Prepaid expenses and other current assets

    270       114  

Total current assets

    5,528       3,729  

Property and equipment, net

    423       418  

Goodwill

    1,907       1,907  

Intangible assets, net

    494       561  

Other assets

    109       112  

Total assets

  $ 8,461     $ 6,727  
                 

Current Liabilities:

               

Accounts payable and accrued expenses

  $ 2,901     $ 2,841  

Deferred revenues

    3,406       2,494  

Total current liabilities

    6,307       5,335  

Long-term borrowings

    1,748       1,656  

Deferred revenue - noncurrent portion

    150       -  

Other liabilities

    48       41  

Total liabilities

    8,253       7,032  
                 

Commitments and Contingencies

    -       -  
                 

Stockholders' Equity (Deficit):

               

Preferred stock, $.0001 par value; 1,000 shares authorized at June 30, 2018 and December 31, 2017; none issued

    -       -  

Common stock, $.0001 par value; 49,000 shares authorized at June 30, 2018 and December 31, 2017; 16,286 and 16,316 issued; 15,517 and 15,547 outstanding at June 30, 2018 and December 31, 2017, respectively

    2       2  

Additional paid-in capital

    69,001       68,886  

Treasury stock 769 shares at cost at June 30, 2018 and December 31, 2017

    (1,536 )     (1,536 )

Accumulated deficit

    (67,259

)

    (67,657

)

Total stockholders' equity (deficit)

    208       (305

)

Total liabilities and stockholders' equity (deficit)

  $ 8,461     $ 6,727  

 

See accompanying notes to the consolidated financial statements.

 

1

 

 

 

TSS, Inc.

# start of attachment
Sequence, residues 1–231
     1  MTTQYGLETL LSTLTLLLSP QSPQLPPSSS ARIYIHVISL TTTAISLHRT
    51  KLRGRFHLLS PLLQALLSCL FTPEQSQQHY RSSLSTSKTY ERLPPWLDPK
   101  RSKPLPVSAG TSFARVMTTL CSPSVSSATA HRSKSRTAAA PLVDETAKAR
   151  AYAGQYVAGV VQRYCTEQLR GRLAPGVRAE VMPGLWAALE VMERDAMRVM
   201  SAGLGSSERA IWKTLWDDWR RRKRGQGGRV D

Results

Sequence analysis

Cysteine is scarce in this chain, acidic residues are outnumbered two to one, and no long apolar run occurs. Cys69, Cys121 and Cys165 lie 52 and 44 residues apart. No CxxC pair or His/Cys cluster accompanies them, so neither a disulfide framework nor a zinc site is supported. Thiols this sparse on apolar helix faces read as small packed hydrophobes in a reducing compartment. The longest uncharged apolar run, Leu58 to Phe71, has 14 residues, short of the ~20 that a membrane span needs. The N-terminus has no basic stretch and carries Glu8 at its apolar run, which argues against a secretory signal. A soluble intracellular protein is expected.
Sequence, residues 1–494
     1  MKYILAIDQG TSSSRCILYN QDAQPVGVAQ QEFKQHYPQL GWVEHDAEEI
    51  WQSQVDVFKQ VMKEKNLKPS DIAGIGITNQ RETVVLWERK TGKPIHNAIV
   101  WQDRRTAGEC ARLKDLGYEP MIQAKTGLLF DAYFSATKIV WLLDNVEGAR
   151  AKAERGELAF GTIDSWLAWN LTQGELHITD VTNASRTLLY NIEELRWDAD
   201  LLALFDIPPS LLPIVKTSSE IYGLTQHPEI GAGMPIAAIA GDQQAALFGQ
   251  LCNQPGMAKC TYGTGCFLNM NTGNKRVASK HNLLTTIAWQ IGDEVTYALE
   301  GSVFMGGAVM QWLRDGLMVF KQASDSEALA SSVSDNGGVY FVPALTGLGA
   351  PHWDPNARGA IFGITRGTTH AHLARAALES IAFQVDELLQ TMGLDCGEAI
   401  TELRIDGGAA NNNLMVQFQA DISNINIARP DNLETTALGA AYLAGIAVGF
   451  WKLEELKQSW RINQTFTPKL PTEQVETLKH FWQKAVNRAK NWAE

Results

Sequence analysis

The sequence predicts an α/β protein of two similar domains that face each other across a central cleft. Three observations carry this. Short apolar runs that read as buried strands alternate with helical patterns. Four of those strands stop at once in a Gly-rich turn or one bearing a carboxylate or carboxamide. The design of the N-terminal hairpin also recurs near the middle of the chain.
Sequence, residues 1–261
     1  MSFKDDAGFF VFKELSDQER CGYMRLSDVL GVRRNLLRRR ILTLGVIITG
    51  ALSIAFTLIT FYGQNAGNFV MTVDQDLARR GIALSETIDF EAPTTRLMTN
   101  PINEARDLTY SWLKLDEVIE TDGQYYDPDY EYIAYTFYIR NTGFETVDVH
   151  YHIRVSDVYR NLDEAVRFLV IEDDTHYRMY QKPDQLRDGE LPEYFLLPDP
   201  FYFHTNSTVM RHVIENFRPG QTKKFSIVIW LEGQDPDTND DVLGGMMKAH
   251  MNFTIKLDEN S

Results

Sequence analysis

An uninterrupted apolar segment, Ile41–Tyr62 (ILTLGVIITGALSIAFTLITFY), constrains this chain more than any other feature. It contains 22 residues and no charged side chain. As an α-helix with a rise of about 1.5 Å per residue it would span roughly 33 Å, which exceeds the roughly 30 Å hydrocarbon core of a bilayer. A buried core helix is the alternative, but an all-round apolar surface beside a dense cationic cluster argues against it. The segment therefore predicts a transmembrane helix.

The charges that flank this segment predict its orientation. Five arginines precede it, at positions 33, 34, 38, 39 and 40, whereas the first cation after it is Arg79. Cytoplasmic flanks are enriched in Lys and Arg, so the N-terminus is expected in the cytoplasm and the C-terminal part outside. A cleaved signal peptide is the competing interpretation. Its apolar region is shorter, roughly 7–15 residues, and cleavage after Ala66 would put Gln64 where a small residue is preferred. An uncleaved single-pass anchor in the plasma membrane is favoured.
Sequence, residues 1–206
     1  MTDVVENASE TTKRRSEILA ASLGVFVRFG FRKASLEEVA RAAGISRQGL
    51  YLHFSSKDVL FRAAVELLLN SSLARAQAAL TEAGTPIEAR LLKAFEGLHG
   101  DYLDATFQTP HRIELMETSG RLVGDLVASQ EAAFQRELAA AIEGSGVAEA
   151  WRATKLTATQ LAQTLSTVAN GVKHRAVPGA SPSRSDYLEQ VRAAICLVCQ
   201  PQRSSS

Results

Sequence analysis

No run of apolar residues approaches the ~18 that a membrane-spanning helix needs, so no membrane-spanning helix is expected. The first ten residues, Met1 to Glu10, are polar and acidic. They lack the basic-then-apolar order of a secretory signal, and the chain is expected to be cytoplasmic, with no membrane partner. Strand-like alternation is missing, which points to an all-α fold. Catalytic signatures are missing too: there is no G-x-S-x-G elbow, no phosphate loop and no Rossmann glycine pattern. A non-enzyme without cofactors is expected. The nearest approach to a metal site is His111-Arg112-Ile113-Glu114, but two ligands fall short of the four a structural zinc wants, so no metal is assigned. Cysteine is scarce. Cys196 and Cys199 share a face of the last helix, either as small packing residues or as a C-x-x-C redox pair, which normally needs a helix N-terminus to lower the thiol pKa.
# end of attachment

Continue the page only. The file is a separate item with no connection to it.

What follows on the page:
Consolidated Statements of Operations

(in thousands, except per-share amounts; unaudited)

 

   

Three Months Ended June 30

   

Six Months Ended June 30

 
   

2018

   

2017

   

2018

   

2017

 

Results of Operations:

                               

Revenue

  $ 5,367     $ 4,198     $ 10,216     $ 8,587  

Cost of revenue

    3,302       2,444       6,285       4,974  

Gross profit

    2,065       1,754       3,931       3,613  

Selling, general and administrative expenses

    1,516       1,555       3,093       3,298  

Depreciation and amortization

    100       125       206       263  

Gain on sale of business component

    -       -       -       (321

)

Total operating costs

    1,616       1,680       3,299       3,240  

Income from operations

    449       74       632       373  

Other income (expense):

                               

Interest expense, net

    (111

)

    (74

)

    (204

)

    (151

)

Other income (expense), net

    -       (3

)

    -       (3

)

Income (loss) from operations before income taxes

    338       (3

)

    428       219  

Income tax (benefit) expense

    19       21       30       (10

)

Net income (loss)

  $ 319     $ (24

)

  $ 398     $ 229  
                                 

Basic income (loss) per common share

  $ 0.02     $ (0.00

)

  $ 0.02     $ 0.01